It’s been confirmed by Apple that they will be paying around $3 billion to acquire Beats Electronics and Beats Music. Dr Dre and Jimmy Iovine – the co-founders of Beats – are set to make around $2.6 billion up front, while the rest will trickle through over a few years. A lot of buzz has been created by this story as it’s one of Apple’s biggest ever acquisitions, yet the Beats Music brand has been struggling since its launch in January 2014. To get an idea of what Apple was acquiring, I took a look at Beats Music’s web traffic with SimilarWeb PRO.
Beats Music started life under the working title of ‘Daisy’ and uses complex algorithms to create personalized accounts for a music streaming service which advises users on music they may enjoy. The product was launched to much hype and fanfare on 21st January 2014 and was preceded by an all-star cast launch party. I used SimilarWeb PRO to investigate how many desktop visits Beats Music experienced on its launch date and found it was close to 800,000! Traffic fell fairly sharply after this and daily visits were close to 125,000 a week after the launch.
I wondered how Beats Music had got on in their first few months to see if there was an indication of why Apple were so interested in purchasing them. SimilarWeb PRO highlighted that Beats Music had experienced a bumpy start with a nearly 50% decline in visits between January ’14 – April ’14. Despite Beats success in selling headphones to the masses, the world hasn’t quite taken Beats Music to its heart and subscriber figures are estimated to only be around 110,000. You also have to take into account that some providers are offering a 90 day free trial, so many of these 110,000 users may not even be paying.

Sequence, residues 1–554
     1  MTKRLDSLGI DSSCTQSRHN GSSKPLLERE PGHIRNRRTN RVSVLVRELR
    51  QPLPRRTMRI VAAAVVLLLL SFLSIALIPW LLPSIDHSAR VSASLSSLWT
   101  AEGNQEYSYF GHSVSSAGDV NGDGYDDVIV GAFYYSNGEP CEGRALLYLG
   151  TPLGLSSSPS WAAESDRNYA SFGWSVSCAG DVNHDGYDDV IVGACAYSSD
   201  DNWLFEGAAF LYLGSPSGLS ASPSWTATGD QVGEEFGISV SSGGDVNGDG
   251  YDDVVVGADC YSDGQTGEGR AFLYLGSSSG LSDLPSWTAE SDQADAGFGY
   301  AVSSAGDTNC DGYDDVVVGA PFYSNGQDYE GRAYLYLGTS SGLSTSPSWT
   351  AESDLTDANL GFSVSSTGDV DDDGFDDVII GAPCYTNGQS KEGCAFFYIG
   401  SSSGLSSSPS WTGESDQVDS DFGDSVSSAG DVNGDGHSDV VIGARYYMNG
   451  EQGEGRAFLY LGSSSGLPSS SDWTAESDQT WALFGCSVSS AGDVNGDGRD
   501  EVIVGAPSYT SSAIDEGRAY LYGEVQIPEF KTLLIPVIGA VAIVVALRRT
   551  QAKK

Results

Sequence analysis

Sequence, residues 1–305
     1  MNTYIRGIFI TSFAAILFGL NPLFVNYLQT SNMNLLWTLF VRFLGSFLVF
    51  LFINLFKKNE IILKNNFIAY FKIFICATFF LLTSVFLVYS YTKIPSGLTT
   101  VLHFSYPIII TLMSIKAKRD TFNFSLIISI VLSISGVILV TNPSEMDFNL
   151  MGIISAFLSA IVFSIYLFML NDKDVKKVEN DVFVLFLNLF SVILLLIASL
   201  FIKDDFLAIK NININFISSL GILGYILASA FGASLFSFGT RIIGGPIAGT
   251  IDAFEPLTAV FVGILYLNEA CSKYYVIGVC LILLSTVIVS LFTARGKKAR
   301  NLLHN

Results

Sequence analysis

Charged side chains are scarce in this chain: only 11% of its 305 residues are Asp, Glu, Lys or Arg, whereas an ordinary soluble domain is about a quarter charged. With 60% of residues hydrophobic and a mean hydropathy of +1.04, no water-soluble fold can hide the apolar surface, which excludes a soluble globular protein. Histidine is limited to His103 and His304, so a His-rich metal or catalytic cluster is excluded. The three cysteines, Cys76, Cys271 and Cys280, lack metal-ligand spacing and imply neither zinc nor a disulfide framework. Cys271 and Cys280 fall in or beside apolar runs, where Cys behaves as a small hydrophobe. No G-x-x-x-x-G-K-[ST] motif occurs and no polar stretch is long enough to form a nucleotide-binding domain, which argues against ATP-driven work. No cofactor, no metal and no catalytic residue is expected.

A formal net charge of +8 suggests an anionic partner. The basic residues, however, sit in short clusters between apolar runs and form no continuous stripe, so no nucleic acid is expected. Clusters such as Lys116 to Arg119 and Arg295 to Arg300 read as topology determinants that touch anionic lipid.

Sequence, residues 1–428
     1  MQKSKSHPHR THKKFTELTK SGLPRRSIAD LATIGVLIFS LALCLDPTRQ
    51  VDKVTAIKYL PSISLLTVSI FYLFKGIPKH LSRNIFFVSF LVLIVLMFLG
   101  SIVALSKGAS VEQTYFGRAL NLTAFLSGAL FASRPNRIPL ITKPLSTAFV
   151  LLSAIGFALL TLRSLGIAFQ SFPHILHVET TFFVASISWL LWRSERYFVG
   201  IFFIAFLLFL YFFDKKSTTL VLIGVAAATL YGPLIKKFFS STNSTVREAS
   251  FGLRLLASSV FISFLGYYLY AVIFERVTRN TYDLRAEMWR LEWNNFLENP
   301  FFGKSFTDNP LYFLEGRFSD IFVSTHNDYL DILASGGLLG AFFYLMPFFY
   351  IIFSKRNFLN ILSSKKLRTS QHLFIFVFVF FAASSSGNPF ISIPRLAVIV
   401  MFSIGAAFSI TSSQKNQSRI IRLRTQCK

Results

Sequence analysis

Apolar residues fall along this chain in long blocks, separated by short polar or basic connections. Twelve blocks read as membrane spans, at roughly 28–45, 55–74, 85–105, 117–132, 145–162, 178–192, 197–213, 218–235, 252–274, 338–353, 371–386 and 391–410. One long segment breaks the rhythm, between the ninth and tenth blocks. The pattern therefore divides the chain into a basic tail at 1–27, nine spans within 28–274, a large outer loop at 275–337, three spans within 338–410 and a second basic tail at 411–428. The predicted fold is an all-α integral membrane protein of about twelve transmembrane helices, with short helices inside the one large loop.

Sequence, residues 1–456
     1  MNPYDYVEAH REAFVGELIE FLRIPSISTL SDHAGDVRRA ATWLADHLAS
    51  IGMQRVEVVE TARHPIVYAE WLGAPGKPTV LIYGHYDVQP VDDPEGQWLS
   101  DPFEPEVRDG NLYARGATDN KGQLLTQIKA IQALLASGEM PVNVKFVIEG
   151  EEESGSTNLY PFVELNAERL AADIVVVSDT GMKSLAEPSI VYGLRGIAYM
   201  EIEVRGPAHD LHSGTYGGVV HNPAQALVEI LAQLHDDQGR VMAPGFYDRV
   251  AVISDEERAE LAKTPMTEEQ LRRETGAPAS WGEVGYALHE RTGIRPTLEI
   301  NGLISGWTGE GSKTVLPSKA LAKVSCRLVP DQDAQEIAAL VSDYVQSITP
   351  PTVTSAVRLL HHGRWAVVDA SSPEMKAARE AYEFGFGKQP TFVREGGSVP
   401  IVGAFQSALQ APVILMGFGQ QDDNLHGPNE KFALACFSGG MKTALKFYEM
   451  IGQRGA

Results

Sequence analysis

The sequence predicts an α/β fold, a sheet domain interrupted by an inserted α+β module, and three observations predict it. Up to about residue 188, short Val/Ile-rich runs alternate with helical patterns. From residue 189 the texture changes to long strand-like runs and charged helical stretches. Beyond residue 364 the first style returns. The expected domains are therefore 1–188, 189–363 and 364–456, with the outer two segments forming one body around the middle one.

Can Apple Help?
The market leaders in streaming music online are Spotify and SimilarWeb PRO shows just how far behind Beats Music are – close to 50 million visits per month! This is a huge difference, but can Apple’s genius marketing team help them close the gap? Many users have criticized the fiddly UI of Beats Music, so Apple’s expertise in simplifying platforms could solve this issue quite easily. The last 10 years have also seen Apple purchasing heavily in the music rights library, so Beats Music will now be able to offer a wider selection. There are benefits for Apple too, of course, as hooking up with Dr. Dre who has extensive contacts paves the way for Itunes exclusive albums from big names. Dre and Iovine also have considerable experience in running record labels which is another area of the music industry that Apple are looking to branch into. Whatever happens, I suspect that the conversion rate will begin to rise for Beats Music as Apple help them market their product more efficiently.